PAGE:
Amy: What do you think Tilly’s perspective would be if you recorded it extemporaneously?
Owen Thomas: If you mean what would Tilly’s perspective be if I had not given her the wisdom of a long life from which to tell her story, I think it would be a lot more confused, self-serving and inauthentic. She would be telling her story in a voice that wants to be liked and for which approval rather than truth is the ultimate objective. Like all of the characters in this book, Tilly makes decisions on the basis of hidden priorities that she does not fully understand. It takes Tilly many, many years for some of those decisions to make any real sense. At the time she experiences the events of her twenties and thirties, there are convenient decoy explanations for everything she does – including the state of her various relationships and all of her self-sabotage – and I think she would use those explanations to deflect any real responsibility for her circumstances. Like most people, Tilly spent a lot of time and energy locating the origin of her difficulties outside of herself. She was indomitable as a child, a hellion as a teenager, very headstrong as a young adult, stubbornly independent as a mature woman and always ferociously intelligent. It was a life-long struggle for her to really figure things out. Even well after Tilly’s time in Hollywood, she spent a lot of time in relationships that did not work out because she was still motivated by a history and relational forces she did not understand. Years of reflection tend to relocate responsibility for our actions and decisions inward. I needed the reader to have the benefit of that wiser perspective from the beginning. But told from a contemporaneous point of view, Tilly would have sounded a little more like David: a mess.
Amy: Hollis latches on to men he barely knows like Akahito Takada and Charles Compson and creates a false persona that paints them as near demi-gods. This seems to parallel the tendency in society to idolize movie-stars or sports heroes. What is it about the human character that causes us to believe in the goodness or evil or another without ever really knowing them?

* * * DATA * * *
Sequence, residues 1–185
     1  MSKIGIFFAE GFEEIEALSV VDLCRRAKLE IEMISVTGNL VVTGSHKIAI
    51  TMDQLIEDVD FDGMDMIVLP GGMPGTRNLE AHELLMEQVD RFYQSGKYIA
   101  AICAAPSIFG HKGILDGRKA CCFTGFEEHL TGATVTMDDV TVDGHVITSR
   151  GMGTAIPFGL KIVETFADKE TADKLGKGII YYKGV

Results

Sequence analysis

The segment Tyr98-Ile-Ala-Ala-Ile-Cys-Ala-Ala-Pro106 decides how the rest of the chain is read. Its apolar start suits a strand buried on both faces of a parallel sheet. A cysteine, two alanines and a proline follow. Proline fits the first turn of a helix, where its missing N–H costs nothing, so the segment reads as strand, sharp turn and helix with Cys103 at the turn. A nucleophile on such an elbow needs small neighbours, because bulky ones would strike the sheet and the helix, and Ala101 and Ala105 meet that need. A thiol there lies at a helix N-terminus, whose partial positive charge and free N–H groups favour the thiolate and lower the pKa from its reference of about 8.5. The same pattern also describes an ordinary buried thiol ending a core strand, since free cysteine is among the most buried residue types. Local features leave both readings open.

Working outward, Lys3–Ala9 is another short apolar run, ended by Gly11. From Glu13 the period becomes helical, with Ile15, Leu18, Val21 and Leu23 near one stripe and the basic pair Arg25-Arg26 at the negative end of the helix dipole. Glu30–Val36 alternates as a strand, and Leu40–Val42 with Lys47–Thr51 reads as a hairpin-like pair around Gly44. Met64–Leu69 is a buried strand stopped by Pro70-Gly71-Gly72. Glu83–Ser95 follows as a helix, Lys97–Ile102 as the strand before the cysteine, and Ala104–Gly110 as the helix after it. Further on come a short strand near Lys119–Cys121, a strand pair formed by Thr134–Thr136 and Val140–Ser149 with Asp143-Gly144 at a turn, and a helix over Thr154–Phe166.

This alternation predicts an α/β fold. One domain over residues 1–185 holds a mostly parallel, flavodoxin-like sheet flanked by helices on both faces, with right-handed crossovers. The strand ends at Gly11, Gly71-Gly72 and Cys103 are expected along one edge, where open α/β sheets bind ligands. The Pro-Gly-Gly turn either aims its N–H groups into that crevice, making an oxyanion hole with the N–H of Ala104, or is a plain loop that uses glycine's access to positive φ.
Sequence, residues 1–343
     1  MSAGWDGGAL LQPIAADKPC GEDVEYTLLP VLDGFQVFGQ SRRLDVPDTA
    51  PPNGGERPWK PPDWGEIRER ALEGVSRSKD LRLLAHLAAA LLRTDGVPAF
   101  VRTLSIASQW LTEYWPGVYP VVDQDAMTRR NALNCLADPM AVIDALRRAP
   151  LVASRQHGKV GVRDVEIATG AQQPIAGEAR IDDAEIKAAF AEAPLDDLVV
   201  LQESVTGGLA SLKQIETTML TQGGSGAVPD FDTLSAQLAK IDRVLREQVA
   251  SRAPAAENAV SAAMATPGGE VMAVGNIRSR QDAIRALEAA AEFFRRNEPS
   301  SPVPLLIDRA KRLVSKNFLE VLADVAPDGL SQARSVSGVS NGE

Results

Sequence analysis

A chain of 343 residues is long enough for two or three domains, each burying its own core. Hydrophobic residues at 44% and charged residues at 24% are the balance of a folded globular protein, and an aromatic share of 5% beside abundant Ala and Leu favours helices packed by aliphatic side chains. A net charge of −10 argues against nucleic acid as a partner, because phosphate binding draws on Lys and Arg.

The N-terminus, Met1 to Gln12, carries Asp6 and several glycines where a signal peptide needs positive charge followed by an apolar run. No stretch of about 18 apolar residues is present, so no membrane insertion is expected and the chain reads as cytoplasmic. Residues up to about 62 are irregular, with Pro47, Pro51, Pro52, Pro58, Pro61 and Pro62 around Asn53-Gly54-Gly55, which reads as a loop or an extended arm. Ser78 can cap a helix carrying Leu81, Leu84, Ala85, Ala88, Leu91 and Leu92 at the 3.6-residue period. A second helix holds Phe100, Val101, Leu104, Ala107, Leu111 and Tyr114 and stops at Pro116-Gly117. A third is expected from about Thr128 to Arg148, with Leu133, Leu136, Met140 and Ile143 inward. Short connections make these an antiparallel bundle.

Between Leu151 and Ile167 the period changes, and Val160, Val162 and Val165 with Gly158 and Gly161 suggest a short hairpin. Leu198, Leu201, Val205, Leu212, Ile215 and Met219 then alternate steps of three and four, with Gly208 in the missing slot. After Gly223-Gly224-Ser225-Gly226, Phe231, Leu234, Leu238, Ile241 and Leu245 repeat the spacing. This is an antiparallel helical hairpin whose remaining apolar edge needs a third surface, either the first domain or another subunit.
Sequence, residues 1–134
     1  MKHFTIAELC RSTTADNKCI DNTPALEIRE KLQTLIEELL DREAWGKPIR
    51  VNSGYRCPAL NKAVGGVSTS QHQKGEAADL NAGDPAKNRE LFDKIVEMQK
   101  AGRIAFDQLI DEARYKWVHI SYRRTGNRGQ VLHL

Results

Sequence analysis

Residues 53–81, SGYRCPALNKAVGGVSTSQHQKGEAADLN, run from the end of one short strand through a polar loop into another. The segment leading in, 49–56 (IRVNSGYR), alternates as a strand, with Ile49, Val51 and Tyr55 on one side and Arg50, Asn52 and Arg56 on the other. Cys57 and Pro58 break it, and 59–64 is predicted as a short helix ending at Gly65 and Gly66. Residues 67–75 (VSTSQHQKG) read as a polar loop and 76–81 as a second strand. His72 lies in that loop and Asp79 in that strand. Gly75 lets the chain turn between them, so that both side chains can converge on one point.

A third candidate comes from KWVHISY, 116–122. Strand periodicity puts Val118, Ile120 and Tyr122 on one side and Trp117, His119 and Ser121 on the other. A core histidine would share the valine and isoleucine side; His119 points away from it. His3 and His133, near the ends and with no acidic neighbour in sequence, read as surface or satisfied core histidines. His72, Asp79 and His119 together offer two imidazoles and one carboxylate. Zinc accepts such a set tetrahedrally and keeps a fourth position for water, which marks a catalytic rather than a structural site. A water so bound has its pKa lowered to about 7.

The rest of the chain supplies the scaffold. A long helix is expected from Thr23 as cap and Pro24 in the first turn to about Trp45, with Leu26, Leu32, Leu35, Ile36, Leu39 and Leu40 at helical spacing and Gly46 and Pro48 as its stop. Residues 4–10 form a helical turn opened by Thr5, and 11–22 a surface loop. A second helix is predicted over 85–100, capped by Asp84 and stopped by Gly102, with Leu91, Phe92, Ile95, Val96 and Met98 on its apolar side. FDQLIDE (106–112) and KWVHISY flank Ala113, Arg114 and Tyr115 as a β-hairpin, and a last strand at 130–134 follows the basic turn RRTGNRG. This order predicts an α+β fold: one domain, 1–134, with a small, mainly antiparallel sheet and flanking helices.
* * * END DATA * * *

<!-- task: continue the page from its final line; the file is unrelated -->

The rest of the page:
Owen Thomas: I think it has to do with our endless capacity for projection. The less we really know about the other person, the more useful they are to us; the more we are able to make them into whomever we need them to be. Akahito Takada and Charles Compson were externalizations of Hollis’ ego constructs. He projected the character traits by which he wanted to define himself onto these men that he never really knew, and then he created a reality in which these same men admired Hollis for the same traits. A good analogy can be found, of all places, in how the Bush administration manufactured credibility from its own misinformation. It goes like this: first Donald Rumsfeld and Dick Cheney leak to sympathetic reporters a version of the Iraq War that they would like to be accepted as true. Second, said reporters would then publish that imagined reality in their various publications. Third, Cheney and Rumsfeld would then show up on Meet the Press and quote the publication as evidence for their fantasy reality. The difference, of course, is that when Hollis projects his own fantasy onto Takada and Compson and then uses his society with these men as evidence of his own exceptionalism, he does so largely unconsciously. Sports fans are doing a version of the same thing when their team wins the big game and everyone goes home with their chests inflated and feeling a whole lot better about themselves than the day before. They have projected a part of themselves onto their favorite athletes and then re-injected that imagined association back into the veins of their own self-esteem, choosing to ignore that, individually, they had absolutely nothing to do with the outcome of that game. So this phenomenon is entirely normal in human society. The phenomenon in Hollis Johns is writ large for dramatic and comedic effect and to really show how it works.
Amy: At one point, Charles Compson says, “If I hadn’t been pretending to be such a good person I would have been a much better person.” How debilitating are the lies we tell ourselves?